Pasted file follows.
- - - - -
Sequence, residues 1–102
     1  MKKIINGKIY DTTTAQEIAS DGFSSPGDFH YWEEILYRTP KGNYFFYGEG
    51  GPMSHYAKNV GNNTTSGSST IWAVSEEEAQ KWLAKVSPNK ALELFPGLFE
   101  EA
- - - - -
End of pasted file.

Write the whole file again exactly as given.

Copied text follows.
Sequence, residues 1–102
     1  MKKIINGKIY DTTTAQEIAS DGFSSPGDFH YWEEILYRTP KGNYFFYGEG
    51  GPMSHYAKNV GNNTTSGSST IWAVSEEEAQ KWLAKVSPNK ALELFPGLFE
   101  EA